Contents

Summary

Introduction

1One of gravest situations a person can face is killing another person in order to protect their own life, or the life of another. This is even more so if the person they are protecting themselves from is a family member.

2Yet this is the unfortunate reality for some New Zealanders. On average each year in this country, among the large number of households affected by family violence, a small number of victims of family violence will kill their abusers.

3When a victim of family violence kills their abuser, they will usually be charged with murder. In only some of these cases, however, will the defendant be able to successfully rely on self-defence under the Crimes Act 1961. In reality these defendants are more likely to be convicted of the lesser crime of manslaughter, than be convicted of murder or acquitted on the basis of self-defence.

4This situation raises the fundamental question of what is the most appropriate legal response to victims of family violence who commit homicide. It is with this question that this Report is concerned.

5Our terms of reference from the Minister of Justice arose from the Fourth Annual Report of the Family Violence Death Review Committee (FVDRC). The FVDRC considers that at present the defences available to homicide in New Zealand do not cater adequately for victims of family violence who kill their abusers. The FVDRC recommended the Government consider modifying the test for self-defence so that it is more readily accessible to victims of family violence who kill their abusers, and introducing a partial defence to murder that can be relied on by victims of family violence who kill abusers other than in self-defence.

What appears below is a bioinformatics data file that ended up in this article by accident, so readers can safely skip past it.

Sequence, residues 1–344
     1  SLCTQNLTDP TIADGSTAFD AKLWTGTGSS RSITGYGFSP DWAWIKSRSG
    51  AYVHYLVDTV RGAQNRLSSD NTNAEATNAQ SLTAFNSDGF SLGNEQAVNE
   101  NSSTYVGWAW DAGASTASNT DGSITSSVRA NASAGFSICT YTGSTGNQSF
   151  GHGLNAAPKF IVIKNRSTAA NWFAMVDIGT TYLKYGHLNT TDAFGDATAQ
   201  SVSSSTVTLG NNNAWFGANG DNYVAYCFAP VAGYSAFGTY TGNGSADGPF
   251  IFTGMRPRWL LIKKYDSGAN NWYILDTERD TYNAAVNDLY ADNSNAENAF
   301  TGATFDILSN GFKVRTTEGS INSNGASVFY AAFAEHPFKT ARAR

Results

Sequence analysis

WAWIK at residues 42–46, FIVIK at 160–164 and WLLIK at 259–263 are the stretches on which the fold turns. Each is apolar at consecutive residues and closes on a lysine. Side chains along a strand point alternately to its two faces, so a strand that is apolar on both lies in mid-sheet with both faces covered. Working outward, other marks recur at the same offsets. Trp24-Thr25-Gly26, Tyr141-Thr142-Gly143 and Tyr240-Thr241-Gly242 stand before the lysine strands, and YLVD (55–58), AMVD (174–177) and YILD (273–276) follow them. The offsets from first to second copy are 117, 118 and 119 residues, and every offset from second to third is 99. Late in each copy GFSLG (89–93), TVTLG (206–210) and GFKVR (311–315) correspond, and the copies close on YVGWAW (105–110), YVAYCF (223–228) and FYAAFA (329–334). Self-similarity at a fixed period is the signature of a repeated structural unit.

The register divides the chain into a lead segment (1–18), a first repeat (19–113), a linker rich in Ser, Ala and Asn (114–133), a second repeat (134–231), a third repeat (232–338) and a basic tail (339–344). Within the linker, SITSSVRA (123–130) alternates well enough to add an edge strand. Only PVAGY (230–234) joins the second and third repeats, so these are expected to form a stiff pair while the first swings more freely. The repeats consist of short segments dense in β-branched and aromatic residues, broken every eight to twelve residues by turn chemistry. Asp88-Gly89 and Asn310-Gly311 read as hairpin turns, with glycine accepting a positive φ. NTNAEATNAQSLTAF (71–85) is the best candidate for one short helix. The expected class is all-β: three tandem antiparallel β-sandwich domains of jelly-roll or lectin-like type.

6The Law Commission’s terms of reference are as follows:

The Law Commission will re-consider whether the law in respect of a victim of family violence who commits homicide can be improved. As part of this review the Law Commission shall consider:

(a) Should the test for self-defence, in section 48 of the Crimes Act, be modified so that it is more readily accessible to defendants charged with murder who are victims of family violence; and

(b) Whether a partial defence for victims of family violence who are charged with murder is justified and if so in what particular circumstances; and

(c) Whether current sentencing principles properly reflect the circumstances of victims of family violence who are convicted of murder?

7In November 2015, the Commission published an Issues Paper, Victims of Family Violence Who Commit Homicide.1 There was a call for public submissions and a number were received. The Commission also benefited considerably from meetings with individuals and stakeholders, and the expertise and advice of a panel of members of the legal profession, current and former judges, academics, victim advocates and Police.